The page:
I found her story very inspiring especially because she is not embarrassed to say it happened to her. So many women would have been very uncomfortable to even talk about this matter because it is so personal. Well she is not, in fact she acknowledges that FGM/FGC is part of her “identity but it does not hold her back” and knowing her it definitely does not define who she is either. I think that her story will inspire other women to tell their stories and advocated to end it. As the saying goes, “charity begins at home,” Ms.Ogega has started with her own daughter by not allowing this practice to happen to her.

FCM/FGC continues to be a form of violence against women around the world and it is time that we broke the silence and we need to bring both girls boys to speak about this. I was especially moved by speech of Nora Muturi Ms. Ogega’s daughter who reminded us that this practice is not only in Africa but even here in America and it takes many forms. I thought that you will be happy to know that a resolution to “Ending female genital mutilation” was passed as of 2012 by the UN General Assembly. So yeah to that…We all have a story to tell, don’t let anyone tell your story because you are who you are and your story is unique because.

by Rosemarie Doucette, an Evangelical Lutheran Church in America delegate to the 57th Commission on the Status of Women

Rosemarie DoucetteThere was an awesome energy last week at the United Nations Commission on the Status of Women!  Clearly times are changing for the better as issues of inequality, injustice, and violence were brought to light with grace and power.   Women across differences of faith, race, gender identity, ethnicity, and education united in the effort to bring truth and justice to those places where they are most needed.  I was very impressed with the progress made in Mauritania in the movement to end female genital mutilation (FGM).  Putting all girls at risk for their physical health, the deeper psychological damage that is done is often harder to assess and there are few resources for addressing it.  While this is a harmful practice, it is nonetheless an integral part of the tradition of many cultures so its eradication must be approached with sensitivity and options must be introduced.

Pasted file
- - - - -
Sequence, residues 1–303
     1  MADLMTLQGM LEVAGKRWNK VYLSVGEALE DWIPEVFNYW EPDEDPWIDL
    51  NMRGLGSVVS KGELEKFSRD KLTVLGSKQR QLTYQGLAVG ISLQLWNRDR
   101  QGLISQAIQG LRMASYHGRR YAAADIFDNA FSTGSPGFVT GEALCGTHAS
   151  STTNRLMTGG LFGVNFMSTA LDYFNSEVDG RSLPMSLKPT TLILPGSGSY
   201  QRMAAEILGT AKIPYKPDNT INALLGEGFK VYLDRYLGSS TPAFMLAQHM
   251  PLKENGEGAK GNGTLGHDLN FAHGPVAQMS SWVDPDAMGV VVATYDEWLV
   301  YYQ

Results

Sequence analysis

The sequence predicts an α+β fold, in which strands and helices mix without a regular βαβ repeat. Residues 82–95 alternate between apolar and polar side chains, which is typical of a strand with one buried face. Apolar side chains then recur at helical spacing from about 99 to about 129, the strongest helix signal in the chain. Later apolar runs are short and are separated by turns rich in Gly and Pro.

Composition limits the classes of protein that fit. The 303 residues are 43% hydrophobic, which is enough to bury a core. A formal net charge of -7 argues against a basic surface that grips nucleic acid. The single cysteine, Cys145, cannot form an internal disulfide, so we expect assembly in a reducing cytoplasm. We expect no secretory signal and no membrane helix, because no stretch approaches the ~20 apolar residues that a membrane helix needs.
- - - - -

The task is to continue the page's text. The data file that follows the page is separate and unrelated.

I was encouraged by the work of speaker Mariem M’Bareck of Mauritania who has worked extensively with both the religious community and health care providers in order to educate and mobilize people from within their own communities instead of alienating them through a campaign waged from outside of their culture.  First Mariem met with a few Imams who established that the Koran does not require FGM of any female, of any age, for any circumstance.  The Imams, respected as wise religious leaders, will educate the people in their communities so that over time the misunderstanding that FGM is a requirement of Islam might be corrected.  The group of Imams who have made this commitment has grown from two to over two hundred.  Health care providers will approach the eradication of FGM from a health standpoint, highlighting the extreme and lifetime health risks involved while teaching women and men that the reasons used to justify it are based on misconceptions, superstitions, and myths.

Another piece of the situation is that the women who perform the cutting will be left without a livelihood.  It is important that their financial and social needs be met by the community because they are most often uneducated and this will be a difficult thing to process, that their service to the community will no longer be needed.

Finally, and perhaps the most uplifting and easiest transformation to make following the eradication of FGM will be to provide young girls with new rituals to mark their passage from babies to young girls and from young girls to young women.  For thousands of years young the passage of boys to young adulthood has been marked by circumcision, preceded and followed by communal celebrations and privileges.  Girls, on the other hand, were more likely to be cut in private and would have to spend even more time in healing.  Their passage to womanhood was generally not celebrated in community.  In the new light of hope, equality, and human rights, communities where FGM is being eradicated are now replacing this practice with healthy ways of celebrating and marking this life passage, thus ensuring better physical and psychological health, and more social equality.